Uber, Lyft, Airbnb: 7 cities ban and crack down on sharing economy companies
Major cities such as San Francisco and New York have faced the unusual tax and the regulatory conundrums posed by the sharing economy companies like Lyft, Uber, and Airbnb for years. Now it’s Grand Rapids’ turn.
As ride-sharing services like Uber and Lyft grow rapidly around the world, and short-term rental operations like airbnb grow to the point of being real competitors to hotels, local authorities are unsure what think about it – and the knee-jerk reaction of regulators is often on the side of the traditional businesses that these sharing economy services intend to disrupt.
It hasn’t helped that sharing economy companies have been featured in a series of ugly incidents lately. There was the Orgy “XXX Freak Fest” it happened when an unsuspecting tenant rented out his New York apartment on airbnb last month. Then there was a Uber driver charged with assault in Oklahoma City, and another Uber driver in San Francisco who was charged with punching a passenger and was convicted of drug trafficking and assault, although he was subject to Uber’s background check.
Additionally, no less than 14 states have issued warnings– rather vague warnings, sometimes misleading, but always frightening – about the insurance risks associated with driving or being a passenger in carpooling operations. Companies whose business models are threatened by the collaborative economy are also mobilizing: Vegas, for example, a local taxi company issued a memo warning that it would terminate any “driver who picks up a passenger using an Uber, Lyft or Sidecar app” in a taxi or limousine from ‘business. And even cities that seem more open to ride-sharing companies sometimes aren’t entirely on board with how these tech companies operate. the Timetable-Picayune reported that the New Orleans City Council is discussing new regulations that would allow Uber’s ride-sharing service, but maintain some taxi rules — such as $25 minimums for luxury sedan rides — that challenge ” Uber’s insistence on free market pricing”.
As for individual cities in the United States and Europe that are stepping up their efforts to restrict or outright ban sharing economy companies, here are seven hotspots:
Albuquerque, New Mexico
In late May, the New Mexico Public Regulatory Commission voted unanimously to order the Ridesharing service Lyft ceases operations in the state. Why? The same reason often given against ride-sharing companies: they are accused of being commercial taxi services whose drivers do not have the appropriate licenses and certificates and who have not paid the same fees as taxis. The commission warned Lyft and its drivers that each violation is subject to a fine of up to $10,000.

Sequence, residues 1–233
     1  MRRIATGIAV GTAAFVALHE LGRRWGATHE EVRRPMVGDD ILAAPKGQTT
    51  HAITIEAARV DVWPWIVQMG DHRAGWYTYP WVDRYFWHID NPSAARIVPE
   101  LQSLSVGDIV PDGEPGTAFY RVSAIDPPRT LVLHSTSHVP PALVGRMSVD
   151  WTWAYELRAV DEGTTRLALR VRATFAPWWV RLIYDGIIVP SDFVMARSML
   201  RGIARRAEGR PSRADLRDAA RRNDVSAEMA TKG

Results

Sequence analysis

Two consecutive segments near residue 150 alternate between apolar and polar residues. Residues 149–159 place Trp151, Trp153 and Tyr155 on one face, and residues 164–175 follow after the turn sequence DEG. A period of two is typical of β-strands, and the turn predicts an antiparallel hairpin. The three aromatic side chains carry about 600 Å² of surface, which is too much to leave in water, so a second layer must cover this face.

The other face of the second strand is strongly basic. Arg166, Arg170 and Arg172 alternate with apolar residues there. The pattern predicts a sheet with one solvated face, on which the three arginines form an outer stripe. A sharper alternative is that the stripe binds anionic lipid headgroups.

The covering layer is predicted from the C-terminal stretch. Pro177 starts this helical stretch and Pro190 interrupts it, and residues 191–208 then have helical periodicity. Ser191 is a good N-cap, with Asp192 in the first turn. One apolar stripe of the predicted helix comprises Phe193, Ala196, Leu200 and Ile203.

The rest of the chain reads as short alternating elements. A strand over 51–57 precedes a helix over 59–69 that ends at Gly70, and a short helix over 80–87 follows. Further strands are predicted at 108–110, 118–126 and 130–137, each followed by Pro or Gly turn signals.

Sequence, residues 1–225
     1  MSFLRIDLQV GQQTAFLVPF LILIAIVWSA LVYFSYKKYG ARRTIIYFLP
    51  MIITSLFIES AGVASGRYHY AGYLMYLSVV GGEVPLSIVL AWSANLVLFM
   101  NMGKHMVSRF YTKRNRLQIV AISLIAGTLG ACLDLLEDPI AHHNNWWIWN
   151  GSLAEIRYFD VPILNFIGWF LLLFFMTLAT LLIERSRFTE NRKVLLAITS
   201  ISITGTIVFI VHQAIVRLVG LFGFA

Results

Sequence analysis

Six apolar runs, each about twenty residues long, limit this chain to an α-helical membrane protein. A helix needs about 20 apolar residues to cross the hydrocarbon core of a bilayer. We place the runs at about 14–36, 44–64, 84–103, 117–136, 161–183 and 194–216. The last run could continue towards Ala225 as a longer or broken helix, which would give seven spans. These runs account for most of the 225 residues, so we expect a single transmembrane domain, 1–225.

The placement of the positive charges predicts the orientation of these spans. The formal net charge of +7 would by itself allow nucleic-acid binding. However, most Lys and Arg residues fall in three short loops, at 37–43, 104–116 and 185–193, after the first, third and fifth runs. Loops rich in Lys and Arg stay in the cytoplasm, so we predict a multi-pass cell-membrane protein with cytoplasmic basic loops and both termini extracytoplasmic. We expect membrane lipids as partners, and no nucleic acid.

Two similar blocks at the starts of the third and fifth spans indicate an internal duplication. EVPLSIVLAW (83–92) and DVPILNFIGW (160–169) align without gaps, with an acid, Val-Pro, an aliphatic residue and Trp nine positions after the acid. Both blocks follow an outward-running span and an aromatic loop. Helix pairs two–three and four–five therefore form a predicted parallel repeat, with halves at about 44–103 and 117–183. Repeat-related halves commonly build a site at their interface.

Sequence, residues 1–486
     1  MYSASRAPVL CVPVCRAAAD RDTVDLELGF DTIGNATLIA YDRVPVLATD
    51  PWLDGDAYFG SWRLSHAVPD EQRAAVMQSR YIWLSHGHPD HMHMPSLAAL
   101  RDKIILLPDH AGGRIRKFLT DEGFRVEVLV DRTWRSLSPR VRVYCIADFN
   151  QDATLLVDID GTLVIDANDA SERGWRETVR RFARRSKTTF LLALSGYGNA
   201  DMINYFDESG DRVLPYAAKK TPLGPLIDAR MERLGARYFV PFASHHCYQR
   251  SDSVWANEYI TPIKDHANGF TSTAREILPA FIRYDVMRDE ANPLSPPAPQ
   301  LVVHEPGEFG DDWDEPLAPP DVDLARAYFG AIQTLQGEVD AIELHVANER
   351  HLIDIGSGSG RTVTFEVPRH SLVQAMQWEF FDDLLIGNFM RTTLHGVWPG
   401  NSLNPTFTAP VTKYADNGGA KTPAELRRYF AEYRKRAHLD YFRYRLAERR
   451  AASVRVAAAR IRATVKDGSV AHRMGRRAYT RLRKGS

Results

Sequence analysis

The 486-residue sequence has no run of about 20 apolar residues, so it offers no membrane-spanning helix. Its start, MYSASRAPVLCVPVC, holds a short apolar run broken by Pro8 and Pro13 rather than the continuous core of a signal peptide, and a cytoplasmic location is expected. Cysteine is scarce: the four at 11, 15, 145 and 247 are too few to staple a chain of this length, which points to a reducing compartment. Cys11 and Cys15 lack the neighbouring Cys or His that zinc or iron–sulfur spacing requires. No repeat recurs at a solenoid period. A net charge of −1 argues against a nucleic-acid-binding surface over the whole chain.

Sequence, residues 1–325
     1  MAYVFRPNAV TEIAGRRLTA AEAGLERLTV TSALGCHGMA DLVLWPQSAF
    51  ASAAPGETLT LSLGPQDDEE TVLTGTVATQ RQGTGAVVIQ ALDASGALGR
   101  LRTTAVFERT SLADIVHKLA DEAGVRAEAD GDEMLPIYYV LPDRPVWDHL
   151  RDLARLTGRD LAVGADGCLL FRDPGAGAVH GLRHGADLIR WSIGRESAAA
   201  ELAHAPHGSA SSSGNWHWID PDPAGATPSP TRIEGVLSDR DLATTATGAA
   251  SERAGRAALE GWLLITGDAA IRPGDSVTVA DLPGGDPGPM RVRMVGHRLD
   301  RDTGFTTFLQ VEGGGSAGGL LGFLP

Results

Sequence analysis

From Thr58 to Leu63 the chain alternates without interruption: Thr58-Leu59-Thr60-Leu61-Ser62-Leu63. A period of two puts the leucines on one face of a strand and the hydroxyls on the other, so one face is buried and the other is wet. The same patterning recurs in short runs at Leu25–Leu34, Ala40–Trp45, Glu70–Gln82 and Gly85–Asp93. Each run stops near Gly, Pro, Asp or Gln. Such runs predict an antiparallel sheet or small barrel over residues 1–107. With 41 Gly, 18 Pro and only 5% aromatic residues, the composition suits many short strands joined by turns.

After being pressured by taxi companies and hotels, among others, Barcelona officials are trying to crack down on Uber and airbnb and other sharing economy businesses, with stiff fines for unlicensed drivers and a temporary license freeze for landlords who want to rent apartments as tourist accommodation.
Uber was launched in Brussels in February, and in April authorities banned the service in the city, threatening to strike drivers with a fine of €10,000 to pick up a passenger via the app.
Buffalo, New York
A month after Lyft launched its ride-sharing service in Buffalo in late April, the city’s director of permits and inspections recommended that police issue summonses to Lyft drivers, which he determined to be the equivalent of unlicensed livery taxi drivers. He also threatened that cars used in ride-sharing operations could be confiscated.
Grand Rapids, Michigan
Strict new regulations are offered to landlords who want to rent rooms through airbnb or other short-term services. If accepted, a landlord would need to pay $291 for a license, the home must be owner-occupied in order to advertise room rentals (i.e., no vacation rentals), and a single house room can be rented at a time. Additionally, the city would grant no more than 200 licenses and landlords would have to notify all neighbors within 300 feet of the property of the rental status. As strict as these rules may seem, they could have been worse: a year ago, Grand Rapids suggested that landlords should pay $2,000 for a license to advertise and rent through airbnb.
Kansas City, Missouri
Police began issuing tickets to Lyft drivers in Kansas City shortly after the service launched in late April. City officials had ruled that the ride-sharing service was illegal because the drivers had not completed the training and certification required for taxi drivers. After some legal maneuvering, Lyft is still in action in the city, and a long legal battle is expected before the situation is resolved.
The Malibu City Council recently voted to issue subpoenas to more than 60 short-term housing rental websites, including airbnb, according to the Los Angeles Times. There are hundreds of short-term vacation rental listings in Malibu, but only about 50 are officially registered with the city and pay the same 12% tax that hotels pay. Officials want to make sure the city doesn’t miss hundreds of thousands of dollars in taxes from other rentals. They also hope to crack down on the “party house” atmosphere in neighborhoods that have become popular for vacation rentals.